SPRING 2020 Course Descriptions
Because of the richness of his work, the breadth of scholarly engagement with his oeuvre, and the extent of his influence on subsequent writers, William Faulkner is a key figure in United States, hemispherical, and even world literature. For creative writers, Faulkner’s writing provides tremendous grounds for studying technique in constructing fictional worlds, characters of tremendous depth, descriptions, staging/movement, and philosophical depth. For literary scholars, Faulkner’s work remains a foundational touchstone: much like Shakespeare, Faulkner invites disability studies, critical race studies, postcolonial theory, examination of Anthropocene/plantationocene, animal studies, queer theory, thing studies, and whatever critical approaches are yet to come. This course will delve into Faulkner with intense reading and discussion of his work with the result that students will attain a level of expertise in the field.
In the U.S., the 21st Century has been defined by an increased mobilization around same-sex marriage, racial inequality, economic injustice, immigration reform, and women’s rights. Many of these movements find their precedents in the 20th century’s Civil Rights Movement, Chicano Movement, gay liberation movements, and 2nd wave feminism, all of which have since been subject to substantive critique as notably exclusionary of queers of color. Despite their overlapping interests, the refusal of queerness of color made unique solidarities impossible in the 20th Century, a legacy that often lingers in contemporary political and theoretical discourse. This seminar will investigate the histories that made the exclusion of queers of color not only possible, but integral to the narratives of racial, migrant, women’s, and gay progress. As Michael Hames García explains, queer studies should “re-member” or “bring together a coalitional body that has been dis-membered by a history of ideological violence. In actively remembering that history of violence we are able not only to remember a history of conflict and coalition but also re-member possibilities for collaboration in the present” (4, Gay Latino Studies). Our seminar will attempt to imagine solidarities between current cultural crises by interrogating the histories of violence against queer people of color in the U.S. that have made those solidarities impossible. By design and necessity the course will be intersectional and will consider multiple cultural and literary histories in examining topics like citizenship, urban displacement, migration, refugee policy, disability, and asylum policy as queer issues with implications for communities of color advocates must necessarily consider.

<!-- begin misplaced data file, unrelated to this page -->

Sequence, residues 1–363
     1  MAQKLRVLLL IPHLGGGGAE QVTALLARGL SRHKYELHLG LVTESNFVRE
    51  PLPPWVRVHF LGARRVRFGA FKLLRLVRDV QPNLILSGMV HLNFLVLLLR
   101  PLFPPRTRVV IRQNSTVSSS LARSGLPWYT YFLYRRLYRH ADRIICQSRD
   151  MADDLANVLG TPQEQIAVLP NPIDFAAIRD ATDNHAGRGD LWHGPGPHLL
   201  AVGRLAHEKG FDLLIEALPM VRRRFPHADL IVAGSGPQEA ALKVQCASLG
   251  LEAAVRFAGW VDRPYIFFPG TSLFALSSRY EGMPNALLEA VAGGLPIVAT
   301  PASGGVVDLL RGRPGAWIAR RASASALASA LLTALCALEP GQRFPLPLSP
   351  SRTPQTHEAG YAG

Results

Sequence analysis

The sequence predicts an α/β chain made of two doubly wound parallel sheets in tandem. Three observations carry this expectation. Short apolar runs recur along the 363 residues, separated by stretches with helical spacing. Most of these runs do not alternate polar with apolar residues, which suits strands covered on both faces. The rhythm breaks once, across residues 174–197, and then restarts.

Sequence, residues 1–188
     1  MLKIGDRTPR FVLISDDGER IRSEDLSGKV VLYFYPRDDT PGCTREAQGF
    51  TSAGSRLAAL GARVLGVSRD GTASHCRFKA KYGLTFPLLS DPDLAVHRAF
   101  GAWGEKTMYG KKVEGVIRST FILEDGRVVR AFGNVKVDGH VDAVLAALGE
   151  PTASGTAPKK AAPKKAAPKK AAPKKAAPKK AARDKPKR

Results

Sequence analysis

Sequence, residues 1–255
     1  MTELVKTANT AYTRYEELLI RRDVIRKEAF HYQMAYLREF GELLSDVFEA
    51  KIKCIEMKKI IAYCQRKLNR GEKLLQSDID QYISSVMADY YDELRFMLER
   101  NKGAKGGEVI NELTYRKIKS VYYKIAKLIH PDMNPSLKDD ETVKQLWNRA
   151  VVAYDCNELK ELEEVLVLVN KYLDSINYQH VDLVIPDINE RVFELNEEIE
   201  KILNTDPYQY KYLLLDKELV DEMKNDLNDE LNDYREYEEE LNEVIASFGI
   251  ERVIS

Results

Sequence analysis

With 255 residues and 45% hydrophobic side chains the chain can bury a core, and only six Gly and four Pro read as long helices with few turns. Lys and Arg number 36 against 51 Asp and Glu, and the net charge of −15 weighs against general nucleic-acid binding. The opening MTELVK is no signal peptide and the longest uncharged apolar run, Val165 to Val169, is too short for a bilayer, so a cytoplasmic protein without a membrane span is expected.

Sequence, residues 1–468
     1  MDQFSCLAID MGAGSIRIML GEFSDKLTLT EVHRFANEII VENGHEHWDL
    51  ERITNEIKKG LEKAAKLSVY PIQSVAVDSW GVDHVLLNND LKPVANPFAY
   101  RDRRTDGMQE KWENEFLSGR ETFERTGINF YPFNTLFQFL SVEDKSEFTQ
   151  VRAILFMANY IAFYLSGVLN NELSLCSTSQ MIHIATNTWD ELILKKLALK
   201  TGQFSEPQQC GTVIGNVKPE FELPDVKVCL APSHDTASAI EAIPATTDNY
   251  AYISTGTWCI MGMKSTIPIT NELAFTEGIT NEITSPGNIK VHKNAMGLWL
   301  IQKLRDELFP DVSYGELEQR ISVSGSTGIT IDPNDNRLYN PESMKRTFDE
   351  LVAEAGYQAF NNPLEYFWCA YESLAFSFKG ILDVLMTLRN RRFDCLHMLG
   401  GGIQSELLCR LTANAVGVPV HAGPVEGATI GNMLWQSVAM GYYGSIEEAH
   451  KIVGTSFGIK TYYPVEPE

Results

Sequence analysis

The following texts, our primary reading list, will be supplemented by short stories, poetry selections, and scholarly essays: John Rechy’s City of Night, James Baldwin’s Another Country, Arturo Islas’s The Rain God, Achy Obejas’s Memory Mambo, Daisy Hernández’s A Cup of Water Under My Bed, Audre Lorde’s Zami: A New Spelling of My Name, Bryan Washington’s Lot, Ocean Vuong’s On Earth We’re Briefly Gorgeous, and Jewelle Gomez’s The Gilda Stories.
This course will study the complicated relationship between bodies and technologies. I say “complicated” because it’s increasingly difficult to draw clear lines between the two terms, and because in their encounter there is a way that they each complicate our understanding of the other. Meanwhile, there are serious sociopolitical stakes in the relationship between bodies and technology, as not all embodied encounters with technology are positive, voluntary, or beneficial and not all bodies are afforded the same agency or legibility in our social and political worlds. At the same time, many have found technologically enriched ways of transforming and extending their own embodiment, undermining authoritarian control over body-technology encounters while also challenging simple appeals to technophobia. That is, the encounter between bodies and technology is at once dangerous and a moment of creative and rhetorical invention.
We will read scholarly works that help us think through these complications and their implications, from a range of disciplinary perspectives and fields. Alongside that work, we will study a number of artistic projects—with emphasis on “bio art” and related performance, media, and conceptual practices—whose creative research casts a different light onto the problem. We will study these practices as deeply rhetorical, revealing and enacting the suasory force of interfaces between living things and technological media, with an eye to the inventive possibilities they reveal.
Since we will study creative works as critical interventions, students will have the choice to produce their own course research in a creative-critical medium, in the form of a traditional seminar paper, or even somewhere in between.
Readings: You will need to buy the following books (which are low-priced paperbacks): Natalie Loveless, How to Make Art at the End of the World; Kim Tallbear, Native American DNA; Ruha Benjamin, Race after Technology. All other readings will be provided.
ENG 5019 will provide a broad survey of literary theory beginning with Hegel and ending in the present, delineating a broad swath of critical schools including semiotics, psychoanalysis, new criticism, structuralism, Marxism, post-structuralism, deconstruction, race theory, feminist theory, queer theory, postcolonialism, and ecocriticism. Among the major theorists focused upon may include Saussure, Freud, Lacan, Derrida, Kristeva, Butler, Said, Bhabha, Benjamin, Richardson, Leavis, Foucault, Gates, Haraway, and others. The primary focus will be on deciphering what are often very dense texts and applying them effectively to literary exhibits, assessing the use and role of critical theory in the process of making textual claims.